business plans

RESOURCE: The Business Plan

Are you a new entrepreneur? What are your plans? No business ever got a successful start without a business plan, like Sandgrens Clogs for example – they sell Swedish Clogs and got started with a business plan. The purpose of this blog is not to identify the contents of a plan, but to explore why you must have such a plan.

Business plans are most often prepared to justify financing like when you’re searching for a new house to buy in new communities for example. Do you need venture capital or a bank loan? The plan helps to avoid financial and/or emotional disaster.

A sound business plan is important to success in any business venture. It can become the controlling document that allows you to expand. It shows enthusiasm for your business and can build upon that enthusiasm. Your may operate from the spare bedroom, but what is required to expand? A plan will be necessary.

Developing the Plan

Some important things to remember as you begin to develop your business plan:

  • Make the plan as concise and crisply written. Keep detail within 25-30 pages, plus any supporting documentation and free from error.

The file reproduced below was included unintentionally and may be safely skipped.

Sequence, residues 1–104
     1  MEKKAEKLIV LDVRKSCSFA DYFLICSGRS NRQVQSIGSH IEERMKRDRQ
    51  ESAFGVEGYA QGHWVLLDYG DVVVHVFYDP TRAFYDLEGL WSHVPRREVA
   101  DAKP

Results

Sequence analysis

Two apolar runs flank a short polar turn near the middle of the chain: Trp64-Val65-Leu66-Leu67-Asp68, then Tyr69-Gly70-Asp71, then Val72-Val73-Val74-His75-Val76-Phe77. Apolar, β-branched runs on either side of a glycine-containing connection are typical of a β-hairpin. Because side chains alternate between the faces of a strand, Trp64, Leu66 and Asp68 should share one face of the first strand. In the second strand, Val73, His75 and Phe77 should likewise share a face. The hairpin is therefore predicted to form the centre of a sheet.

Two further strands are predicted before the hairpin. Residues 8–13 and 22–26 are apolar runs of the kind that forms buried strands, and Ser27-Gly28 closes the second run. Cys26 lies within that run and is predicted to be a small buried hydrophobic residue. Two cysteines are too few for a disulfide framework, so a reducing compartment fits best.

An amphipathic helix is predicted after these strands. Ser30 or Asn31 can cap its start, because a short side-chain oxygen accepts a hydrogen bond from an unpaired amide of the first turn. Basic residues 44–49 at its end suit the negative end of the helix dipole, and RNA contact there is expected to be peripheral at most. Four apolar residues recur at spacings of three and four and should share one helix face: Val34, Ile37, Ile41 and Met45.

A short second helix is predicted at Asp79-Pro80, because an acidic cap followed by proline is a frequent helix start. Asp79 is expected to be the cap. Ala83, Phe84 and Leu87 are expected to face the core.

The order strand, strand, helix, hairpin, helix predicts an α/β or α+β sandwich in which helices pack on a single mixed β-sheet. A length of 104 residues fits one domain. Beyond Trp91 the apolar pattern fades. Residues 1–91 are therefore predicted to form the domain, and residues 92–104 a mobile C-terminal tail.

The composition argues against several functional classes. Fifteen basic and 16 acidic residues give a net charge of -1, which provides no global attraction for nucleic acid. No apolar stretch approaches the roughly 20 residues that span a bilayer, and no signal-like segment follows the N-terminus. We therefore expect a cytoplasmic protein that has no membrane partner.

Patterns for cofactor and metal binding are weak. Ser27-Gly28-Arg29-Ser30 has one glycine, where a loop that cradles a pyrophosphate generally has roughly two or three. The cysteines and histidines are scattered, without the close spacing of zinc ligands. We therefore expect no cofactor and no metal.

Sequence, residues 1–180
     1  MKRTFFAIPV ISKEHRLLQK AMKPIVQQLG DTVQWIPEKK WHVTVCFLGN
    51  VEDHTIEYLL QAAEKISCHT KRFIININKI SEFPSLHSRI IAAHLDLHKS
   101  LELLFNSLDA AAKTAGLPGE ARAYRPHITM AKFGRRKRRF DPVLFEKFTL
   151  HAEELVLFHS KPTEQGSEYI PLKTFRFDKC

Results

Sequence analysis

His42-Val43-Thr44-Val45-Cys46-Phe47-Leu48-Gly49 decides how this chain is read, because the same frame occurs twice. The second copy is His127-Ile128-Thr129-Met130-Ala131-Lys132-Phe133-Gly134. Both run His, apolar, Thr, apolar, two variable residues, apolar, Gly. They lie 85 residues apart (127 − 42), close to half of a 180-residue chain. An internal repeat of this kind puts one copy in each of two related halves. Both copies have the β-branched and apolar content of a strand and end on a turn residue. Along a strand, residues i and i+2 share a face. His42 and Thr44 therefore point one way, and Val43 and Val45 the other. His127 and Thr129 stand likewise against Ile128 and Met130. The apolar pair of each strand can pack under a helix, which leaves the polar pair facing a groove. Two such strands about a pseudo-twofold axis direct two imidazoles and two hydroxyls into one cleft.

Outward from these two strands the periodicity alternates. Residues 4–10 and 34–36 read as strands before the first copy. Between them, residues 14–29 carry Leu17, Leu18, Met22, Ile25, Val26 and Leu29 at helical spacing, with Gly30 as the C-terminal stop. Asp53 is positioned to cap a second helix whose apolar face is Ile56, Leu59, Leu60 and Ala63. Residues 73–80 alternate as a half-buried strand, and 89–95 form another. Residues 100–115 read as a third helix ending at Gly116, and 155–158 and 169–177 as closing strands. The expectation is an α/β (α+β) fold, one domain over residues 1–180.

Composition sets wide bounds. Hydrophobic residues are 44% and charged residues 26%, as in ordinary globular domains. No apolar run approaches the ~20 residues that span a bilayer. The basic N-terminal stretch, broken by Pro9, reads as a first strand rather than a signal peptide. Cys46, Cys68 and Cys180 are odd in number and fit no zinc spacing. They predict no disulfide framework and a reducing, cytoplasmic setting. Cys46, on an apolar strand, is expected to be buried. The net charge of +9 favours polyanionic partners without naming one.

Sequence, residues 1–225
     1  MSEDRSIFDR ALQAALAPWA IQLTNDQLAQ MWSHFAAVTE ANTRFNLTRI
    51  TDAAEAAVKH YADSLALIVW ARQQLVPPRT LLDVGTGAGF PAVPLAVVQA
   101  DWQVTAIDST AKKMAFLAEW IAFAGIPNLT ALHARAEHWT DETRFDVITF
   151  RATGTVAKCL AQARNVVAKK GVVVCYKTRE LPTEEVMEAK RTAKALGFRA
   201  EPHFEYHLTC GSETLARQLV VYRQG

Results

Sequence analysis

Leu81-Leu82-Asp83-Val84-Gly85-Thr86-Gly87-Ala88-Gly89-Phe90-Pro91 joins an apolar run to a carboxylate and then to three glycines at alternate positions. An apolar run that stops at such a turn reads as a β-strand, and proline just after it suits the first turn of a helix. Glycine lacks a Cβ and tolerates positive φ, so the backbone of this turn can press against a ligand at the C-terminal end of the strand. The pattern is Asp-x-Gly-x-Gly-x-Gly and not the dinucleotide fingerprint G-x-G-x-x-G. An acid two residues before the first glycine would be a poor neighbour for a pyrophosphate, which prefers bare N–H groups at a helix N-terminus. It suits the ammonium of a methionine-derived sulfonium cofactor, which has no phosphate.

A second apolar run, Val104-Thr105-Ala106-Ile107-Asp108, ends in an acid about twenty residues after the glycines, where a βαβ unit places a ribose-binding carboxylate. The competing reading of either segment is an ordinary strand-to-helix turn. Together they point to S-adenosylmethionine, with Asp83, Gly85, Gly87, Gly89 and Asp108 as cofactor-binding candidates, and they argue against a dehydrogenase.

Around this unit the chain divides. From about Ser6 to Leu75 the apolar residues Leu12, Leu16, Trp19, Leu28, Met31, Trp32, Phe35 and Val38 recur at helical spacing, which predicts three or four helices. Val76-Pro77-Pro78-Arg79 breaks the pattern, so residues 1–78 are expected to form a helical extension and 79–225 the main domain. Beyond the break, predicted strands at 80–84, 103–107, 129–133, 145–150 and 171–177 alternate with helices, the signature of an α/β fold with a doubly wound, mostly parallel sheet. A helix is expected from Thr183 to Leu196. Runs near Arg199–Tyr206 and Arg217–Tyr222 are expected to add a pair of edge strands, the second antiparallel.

• Convey the marketing opportunities, ranking them by return.
  • Convey the depth and strength of skills of your people.
  • Discuss recruiting methods and types of people you seek.
  • Have someone with business planning experience prepare your document. It helps to obtain financing.

There Are A Few Cautions

Here are a few things to avoid:

  • Don’t make unrealistic assumptions. Your business plan must contain details of how you intend to grow.
  • Don’t underestimate the impact on the market of similar competing products and opportunities.
  • Define all terms. Others may not have any idea what your product is or for what it’s used.
  • Generalize any unique marketing approaches.
  • Identify risks to your business.

And A Few Benefits

Putting the effort into developing a business plan has many benefits. You will:

  • Think through what you are about to do, counting the cost, focusing on the tasks.
  • Establish measurable goals and objectives.
  • Identify skills and resources needed. Attract a “board of directors” that has skills you need.
  • Gain a clearer idea of costs and a spending plan.
  • Have a realistic idea when and how to move your product.
  • Investigate the market to determine the product’s demand.
  • Compare your forecasted efforts with others in your locale.

When it is finished, you have a sales tool to promote your business to supporters, financiers, friends, family, customers, suppliers, the Chamber of Commerce, and the Better Business Bureau.